aside Keeping up with NGOs Part II

I now bring to your attention the harsh reality regarding prospective employment in these highly prestigious organizations. It is amazing how there are so many job advertisements going around in the daily papers and yet we are still plagued by mass unemployment ofcapable graduates. Ena mpakana ma University awo asintha mayina asanapezebe nchito. Pa CV kumalemba mayina awiri, “University of Nyasaland – ‘formerly known as University of So and So’. That coupled with the lack of any real work experience amazakufunsa

kuti: “nthawi yonseyi mumatani?”

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inu mukuwona ngati ndimatani?

It really isn’t our fault that most graduates have failed to break from the chains of unemployment, especially in the development sector. Some may argue that this has something to do with the poor quality of the current Universities Curricula in the country. Kuti mwina we are not being adequately prepared for the industry. Others may say that it is because ana amasiku ano samafuna kulembera ntchito za ma juniors, such as taking up a banking teller job or becoming a community mobilizer in a remote district like NTCHEU. Perhaps true but a story of another day.

 

I used to be baffled by the minimum work experience required for junior posts in the NGO realm. I thought that maybe I was just looking at the wrong jobs.  But as time went by, I only grew more suspicious. Khala ngati anthuwa safuna kuphunzitsa anthu ena nchito. Alibe nthawi yotenga ma fresh graduate kuti ayambe kuwapanga mold as ma future professionals. Iwowo ati si aziphunzitsi. So to separate the babies from the grownups, they set a higher standard of let’s say 5-8 years of required experience. So what are fresh graduates forced to do? Kumakokera zaka ndi mabodza. Ati “I was a Field Research Manager for 1 year ku survey ya NSO”. Iyayi akulu akulu… Firstly, you were an Enumerator! Secondly, a 2 months survey does not qualify as a year of research experience. You do not have any relevant work experience for the post basi! Period. But can we blame them really? How else is someone supposed to attain significant work experience if they are filtered out from the word go? Ufitii chani?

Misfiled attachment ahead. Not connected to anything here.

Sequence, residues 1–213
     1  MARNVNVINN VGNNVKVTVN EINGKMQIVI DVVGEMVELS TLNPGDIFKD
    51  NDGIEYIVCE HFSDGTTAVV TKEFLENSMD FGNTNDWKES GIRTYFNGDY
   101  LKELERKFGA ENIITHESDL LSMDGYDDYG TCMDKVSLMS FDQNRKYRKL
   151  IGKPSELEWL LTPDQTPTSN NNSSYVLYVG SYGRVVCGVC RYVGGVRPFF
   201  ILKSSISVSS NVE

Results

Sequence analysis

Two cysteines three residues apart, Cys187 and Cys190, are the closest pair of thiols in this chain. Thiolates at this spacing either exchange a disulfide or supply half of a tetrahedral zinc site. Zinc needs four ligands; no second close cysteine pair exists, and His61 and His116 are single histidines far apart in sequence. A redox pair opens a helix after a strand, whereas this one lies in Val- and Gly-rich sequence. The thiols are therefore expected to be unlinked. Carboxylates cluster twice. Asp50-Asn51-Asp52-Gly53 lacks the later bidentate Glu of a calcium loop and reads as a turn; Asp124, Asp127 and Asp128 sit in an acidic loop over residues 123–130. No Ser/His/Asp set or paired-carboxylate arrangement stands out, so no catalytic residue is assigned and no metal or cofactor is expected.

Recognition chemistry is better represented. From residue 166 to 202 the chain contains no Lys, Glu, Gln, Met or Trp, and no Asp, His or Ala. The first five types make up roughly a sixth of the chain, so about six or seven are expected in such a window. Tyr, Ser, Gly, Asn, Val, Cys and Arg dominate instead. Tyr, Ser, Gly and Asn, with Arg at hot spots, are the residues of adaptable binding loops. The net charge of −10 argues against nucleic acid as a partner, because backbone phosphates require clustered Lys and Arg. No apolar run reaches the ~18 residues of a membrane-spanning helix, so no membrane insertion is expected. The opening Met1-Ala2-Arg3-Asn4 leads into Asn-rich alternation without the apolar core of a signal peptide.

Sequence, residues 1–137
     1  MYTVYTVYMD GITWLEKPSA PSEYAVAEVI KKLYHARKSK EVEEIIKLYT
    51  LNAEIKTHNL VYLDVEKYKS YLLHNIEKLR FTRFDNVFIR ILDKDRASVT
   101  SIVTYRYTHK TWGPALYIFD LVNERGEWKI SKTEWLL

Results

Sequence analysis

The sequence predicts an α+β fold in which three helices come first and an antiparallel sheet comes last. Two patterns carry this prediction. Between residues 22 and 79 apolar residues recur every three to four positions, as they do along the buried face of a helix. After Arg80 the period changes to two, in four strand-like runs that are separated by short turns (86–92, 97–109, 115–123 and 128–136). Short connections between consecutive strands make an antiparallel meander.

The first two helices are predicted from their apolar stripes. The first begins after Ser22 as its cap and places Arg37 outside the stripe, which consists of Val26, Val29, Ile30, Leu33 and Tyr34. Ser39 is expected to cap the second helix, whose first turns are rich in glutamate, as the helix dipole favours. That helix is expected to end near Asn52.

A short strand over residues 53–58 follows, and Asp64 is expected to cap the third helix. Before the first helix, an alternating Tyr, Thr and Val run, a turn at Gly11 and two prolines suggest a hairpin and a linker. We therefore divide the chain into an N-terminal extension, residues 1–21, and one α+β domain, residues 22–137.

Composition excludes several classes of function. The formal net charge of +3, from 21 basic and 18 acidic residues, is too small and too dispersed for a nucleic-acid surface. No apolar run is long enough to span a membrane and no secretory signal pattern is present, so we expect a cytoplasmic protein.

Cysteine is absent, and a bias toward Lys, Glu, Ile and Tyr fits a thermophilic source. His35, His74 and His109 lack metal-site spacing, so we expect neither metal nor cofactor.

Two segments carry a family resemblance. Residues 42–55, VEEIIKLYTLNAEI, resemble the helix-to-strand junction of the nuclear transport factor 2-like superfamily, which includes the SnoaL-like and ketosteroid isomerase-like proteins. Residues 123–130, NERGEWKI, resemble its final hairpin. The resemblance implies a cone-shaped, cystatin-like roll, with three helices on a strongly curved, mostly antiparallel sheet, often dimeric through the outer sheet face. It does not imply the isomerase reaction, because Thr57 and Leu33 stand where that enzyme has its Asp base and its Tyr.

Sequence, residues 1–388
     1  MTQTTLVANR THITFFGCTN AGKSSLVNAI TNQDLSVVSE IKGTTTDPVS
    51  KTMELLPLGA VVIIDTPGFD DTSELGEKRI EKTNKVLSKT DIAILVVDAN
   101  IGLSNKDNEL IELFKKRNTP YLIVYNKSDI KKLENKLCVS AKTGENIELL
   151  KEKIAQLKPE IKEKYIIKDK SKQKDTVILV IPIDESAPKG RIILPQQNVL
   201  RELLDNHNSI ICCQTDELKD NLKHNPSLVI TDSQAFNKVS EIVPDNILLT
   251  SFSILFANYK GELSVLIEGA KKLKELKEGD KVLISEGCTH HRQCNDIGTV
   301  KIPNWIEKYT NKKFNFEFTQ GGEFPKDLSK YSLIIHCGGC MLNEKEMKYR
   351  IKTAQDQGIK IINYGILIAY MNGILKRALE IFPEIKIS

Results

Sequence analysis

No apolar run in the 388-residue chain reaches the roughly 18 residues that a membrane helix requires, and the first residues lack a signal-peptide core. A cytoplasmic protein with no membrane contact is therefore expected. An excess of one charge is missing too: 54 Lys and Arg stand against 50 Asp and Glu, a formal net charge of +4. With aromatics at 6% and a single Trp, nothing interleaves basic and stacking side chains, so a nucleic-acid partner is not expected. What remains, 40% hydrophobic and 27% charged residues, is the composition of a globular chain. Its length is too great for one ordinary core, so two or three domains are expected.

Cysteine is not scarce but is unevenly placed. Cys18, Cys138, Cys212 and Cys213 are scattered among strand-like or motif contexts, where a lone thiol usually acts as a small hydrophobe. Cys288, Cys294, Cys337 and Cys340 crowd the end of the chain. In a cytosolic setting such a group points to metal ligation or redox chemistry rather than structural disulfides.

Nigeria_3-redo
1 year experience as Field Research Manager

When I got my first job , many of my friends were curious to know how I did it. I waited barely a month after graduating before getting the Job. I usually lied kuti it was all just by luck. I would frequently bring up the ‘God’s time is best’ metaphor. But to say the truth, the boss of the organization that was hiring me knew my dad and he kind of owed him a favor. Kaya anathandiza chani kaya (probably made a problem go away for him). Any way… Dad decided to cash in on the favor. Hence young Kwivu got offered an internship position on a one year contract. But not all of us are lucky to have dads with expertise in off-the-book abortions. Oops. Slip of the keyboard. My story is clearly an isolated case to say the least, but fact remains that connections are quickly replacing formal channels of employment. Whether this is good or bad is not for me to say, as it obviously worked out for me.

So not all of us have the minimum experience, and neither do we have the connections to get us in through the back door. As if that is not enough, masiku ano mabungwe akumatulutsa ma ‘formality’ vacancy posts.

question-mark-face
What are these you say?

This is basically when a job is advertised simply to adhere to standard HR procedure while the person for the post has already been identified. This is why I personally recommend anthu olembera nchitonu to ask for details about vacancies musanalembere. Save yourself the hustle and internet bundle. Nanji Nanji the way Airtel is set up nowadays.

So… how many of the adverts in the news are actually really vacant? Bwanji potulutsa ma vacancy-wo muzilembako ka note “post is currently already filled”. Kuti mwina tizitha kudziwiratu?

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